Not Just Any Cake

December 20, 2015
By Wendy Atwell

Artpace is turning 21 and they’re celebrating with cake, but not just any cake. The Window Works installation by Chris Sauter, Biography Construction Site (Cakes) is on view until April 24th. Another delectable exhibit is on view in the Hudson Showroom, Lorem ipsum, by New York-based Cordy Ryman. These two shows are a parting gift from Interim Executive Director Sue Graze, who has filled the gap while Artpace has looked for a new director. Artpace’s new Executive Director, Veronique LeMelle, begins next week. Before this, Graze served as Executive Director at Arthouse at the Jones Center (now known as the Contemporary Austin). During her 12-year career in Austin, she oversaw amazing shows by artists including Dario Robleto, Trenton Doyle Hancock, Margarita Cabrera, Katrina Moorhead, and Francesca Fuchs, to name just a few.

Finding someone with the same aesthetic taste is a rare delicacy; it’s like a meal with all good ingredients. Even better, a meal with exotic, heretofore unknown ingredients. Good art promises discovery. The curators Regine Basha and Elizabeth Dunbar worked under Graze at Arthouse. They presented thought-provoking, challenging shows.

With discovery, I don’t expect answers. The discovery can be in presenting new information that asks an entire series of questions that I never thought to ask before, both conceptually and formally. This new material is never dominated or mapped out in entirety; it exists as a prompt, a sign pointing the way towards further inquiry.

I have followed and admired Sauter’s art since I knew him at UTSA. He has replicated his childhood bedroom and his family’s kitchen, and I’ve always wondered why he was drawn to these places. Today he explained that it’s because he is interested in how these spaces shape a person’s perception of the world and how the actual physical space of a place functions. He’s interested in institutions, which may mean a house, a school, and, yes, places like Artpace. It’s fitting that Graze selected Sauter for this honor.

He was one of the first residents of Artpace in 1999. Today he explained that Artpace was one of the reasons he stayed in San Antonio. The way Artpace is structured, it “acts as a conduit to the international art world.” Everyone in San Antonio may not know about Artpace, but everyone in the international art world does. After receiving his MFA in 1996, Sauter worked as a baker at HEB to pay off his school loans.

In the front window of Artpace, Sauter built a temporary wall that is painted with the “Artpace Turns 21” graphic on it, and then he cut circles out of this wall and used them to construct his cakes. The varied sizes of cakes are on display behind the wall. Sauter iced some of his round, tiered cakes with joint compound. Some cakes are hollow. A few of the solid cakes have slices cut out of them. Other cakes are Styrofoam with pale pink frosting. If you look carefully, you can see slices casually set behind the wall, like someone set them down at a party.

As with his prior installations using drywall, Sauter employs remarkable efficiency; not one piece gets wasted, and every hole is part of an overall strategy. Part of the delight in Sauter’s installations comes from recognizing this after studying it in its entirety. It’s like a sculptural demonstration of inductive reasoning—the viewer sees all of these holes in the wall and then discovers their use.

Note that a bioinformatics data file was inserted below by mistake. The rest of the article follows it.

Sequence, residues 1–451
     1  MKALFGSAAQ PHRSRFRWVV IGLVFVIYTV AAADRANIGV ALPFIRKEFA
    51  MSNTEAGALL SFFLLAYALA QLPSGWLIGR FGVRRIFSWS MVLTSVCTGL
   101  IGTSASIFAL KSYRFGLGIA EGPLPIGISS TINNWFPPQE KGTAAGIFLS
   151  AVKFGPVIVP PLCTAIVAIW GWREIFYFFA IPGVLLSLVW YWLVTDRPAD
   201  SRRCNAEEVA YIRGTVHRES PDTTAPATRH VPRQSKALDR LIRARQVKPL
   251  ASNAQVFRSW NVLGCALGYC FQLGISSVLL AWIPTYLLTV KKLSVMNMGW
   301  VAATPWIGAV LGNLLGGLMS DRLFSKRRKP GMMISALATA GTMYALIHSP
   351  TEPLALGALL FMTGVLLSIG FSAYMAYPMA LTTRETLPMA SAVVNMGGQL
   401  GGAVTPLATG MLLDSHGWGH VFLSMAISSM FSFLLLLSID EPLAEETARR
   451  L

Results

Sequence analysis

Sauter’s primary tool is a laminate trimmer, which allows him to cut the drywall and then pop it out, instantly transforming a two-dimensional drawing into a three dimensional sculpture. For Sauter, this is an analogy for mind/body. The eye perceiving a drawing is visual; in the mind. But the body relating to a sculpture is a physical experience. The first time I heard about this concept, I was in graduate school, studying Donald Judd’s pivotal essay, “Specific Objects.” This essay stresses how these three dimensional objects activate their physical environments.

Upstairs in the Hudson Showroom, Ryman has filled the space with varied multimedia constructions. Ryman’s talents center on his use of color and composition, but also his overall cleverness with space and material. I see echoes of Carl André and Sol LeWitt in Ryman’s work. But Ryman’s materials contrast with LeWitt’s serious formulaic approach; Ryman’s compositions and arrangements appear playful and intuitive. Instead of fine art materials, like André’s copper tiles, Ryman’s constructions are composed mostly of rough-cut scrap material. The similiarity is in the artists’ arrangement of modules. Ryman’s arrangements are abstract designs without any narrative element, so the installation’s title seems apt–it refers to the filler text used to demonstrate the graphic design in a document.

Bright pinks and oranges, painted on the sides of wooden pieces, glow on the white walls. Ryman’s tantalizing use of color stems from his restraint. He teases the viewer with his dabs of color here and there, waiting like visual treasures inside and around his pieces. Sauter called Ryman’s recycled material “cannibalization.” If there’s an older piece sitting around in his studio, he eventually cuts it up and incorporates it into newer work. That’s part of the way the color happens; it’s leftover color from something else, a reincarnated patchwork. This is why Ryman is flexible about how his pieces are hung–a horizontal piece may be installed vertically and vice versa, depending on the space.

Even though Sauter and Ryman make totally different work, there’s an uncanny similarity in their goals: each artist explodes the boundary between two and three dimensional art. With resourcefulness and ingenuity, they transform the gallery spaces in surprising, unimaginable ways.